Following the court’s ruling, the Government of Sierra Leone lifted the ban in March 2020 resulting in girls being granted access to education. The court’s decision set a precedent for West African Countries.

3. Access to justice for a survivor of sexual violence and forced marriage in Ethiopia

In 2001, a 13-year-old girl was abducted and raped in Ethiopia. She was rescued and the perpetrator arrested. Upon his release on bail, the perpetrator abducted her again and held her for more than a month, and forcefully married her. He was later arrested and sentenced to prison for 10 years. However, after an appeal, the High Court quashed the decision, and the perpetrator and his accomplices were released. Equality Now in collaboration with the Ethiopian Women Lawyers Association filed the case on her behalf before the African Commission on Human and Peoples’ Rights and urged the government to repeal the ‘marry your rapist’ law to include severe penalties for perpetrators.

The Commission in 2018 found that Ethiopia had failed to protect her and that there was a violation of her rights to liberty, the right to life and security of person, and to dignity under the Maputo Protocol. The government was compelled to pay a compensation of USD 150,000. However, the Ethiopian government requested the African Commission to review this decision.

4. Ensuring the minimum age of marriage is 18 in Tanzania for both boys and girls

Following a ruling by the High Court in 2016, the Tanzania Court of Appeal upheld a landmark ruling against child marriage in 2019. The case challenged the constitutionality of sections 13 and 17 of the Marriage Act which set the minimum age of marriage for girls at 15 years and 18 years for boys.

The High Court had ruled that marriage under the age of 18 was illegal and directed the Government of Tanzania to raise the minimum age of marriage to 18 for both boys and girls within one year. The Court made reference to Article 6 of the Maputo Protocol which sets the minimum age of marriage at 18.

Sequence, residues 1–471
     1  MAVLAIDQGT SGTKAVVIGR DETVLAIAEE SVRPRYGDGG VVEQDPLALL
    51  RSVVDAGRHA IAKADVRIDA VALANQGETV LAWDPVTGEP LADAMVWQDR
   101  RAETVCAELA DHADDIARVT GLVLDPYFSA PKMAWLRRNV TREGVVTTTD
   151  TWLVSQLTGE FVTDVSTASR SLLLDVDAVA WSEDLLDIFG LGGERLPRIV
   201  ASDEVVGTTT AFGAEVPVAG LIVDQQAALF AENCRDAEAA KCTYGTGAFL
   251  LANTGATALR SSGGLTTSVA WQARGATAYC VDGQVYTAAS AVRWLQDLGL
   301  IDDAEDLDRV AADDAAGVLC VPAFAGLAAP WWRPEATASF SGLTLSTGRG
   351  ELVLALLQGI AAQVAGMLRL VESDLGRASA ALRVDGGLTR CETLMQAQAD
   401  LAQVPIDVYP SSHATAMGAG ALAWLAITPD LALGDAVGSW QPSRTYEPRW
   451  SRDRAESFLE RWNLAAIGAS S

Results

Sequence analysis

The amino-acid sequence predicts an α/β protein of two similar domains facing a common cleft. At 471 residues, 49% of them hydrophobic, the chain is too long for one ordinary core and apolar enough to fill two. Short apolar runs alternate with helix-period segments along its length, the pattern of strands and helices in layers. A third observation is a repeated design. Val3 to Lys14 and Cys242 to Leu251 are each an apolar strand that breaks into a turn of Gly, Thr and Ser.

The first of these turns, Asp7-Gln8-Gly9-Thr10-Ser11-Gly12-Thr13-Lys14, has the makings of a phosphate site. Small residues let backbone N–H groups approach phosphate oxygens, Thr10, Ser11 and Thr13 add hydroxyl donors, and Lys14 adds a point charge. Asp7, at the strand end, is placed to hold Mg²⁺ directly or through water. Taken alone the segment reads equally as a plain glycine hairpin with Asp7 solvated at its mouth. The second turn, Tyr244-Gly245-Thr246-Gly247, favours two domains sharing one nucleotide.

5. Protecting women and girls from female genital mutilation in Uganda

Law and Advocacy for Women in Uganda filed a case asking the Constitutional Court of Uganda to declare Female Genital Mutilation (FGM) a violation of girls’ and women’s rights under the Constitution of Uganda. The Court ruled that while the constitution guarantees the right to culture, the same culture should not subject anyone to any form of torture or degrading treatment. The Court ruled that FGM violates the provisions of the Constitution of Uganda as well as other treaties, conventions, and protocols that Uganda is a party to.

The ruling was in line with Article 5 of the Maputo Protocol which calls State Parties to prohibit all forms of harmful practices and requires them to put in place necessary measures to eliminate them.

6. Protecting women’s and girls’ rights in Mali

In 2011, the Government of Mali passed the Family Code which had provisions that were inconsistent with provisions of human rights instruments including the Maputo Protocol. The Family Code had set the minimum age of marriage at 16 for girls and 18 for boys. The provisions also did not require religious ministers to obtain proof of parties’ consent to marriage. It also gave precedence to religious and customary laws when handling inheritance issues.